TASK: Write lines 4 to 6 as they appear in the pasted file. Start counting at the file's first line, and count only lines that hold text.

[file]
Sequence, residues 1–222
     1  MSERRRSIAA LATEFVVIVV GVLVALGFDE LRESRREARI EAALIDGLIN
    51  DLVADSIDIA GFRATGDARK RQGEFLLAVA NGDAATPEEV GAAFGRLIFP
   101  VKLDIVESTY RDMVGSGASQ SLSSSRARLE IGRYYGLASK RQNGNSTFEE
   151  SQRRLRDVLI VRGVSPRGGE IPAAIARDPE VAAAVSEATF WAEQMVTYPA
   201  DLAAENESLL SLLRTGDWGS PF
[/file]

   101  VKLDIVESTY RDMVGSGASQ SLSSSRARLE IGRYYGLASK RQNGNSTFEE
   151  SQRRLRDVLI VRGVSPRGGE IPAAIARDPE VAAAVSEATF WAEQMVTYPA
   201  DLAAENESLL SLLRTGDWGS PF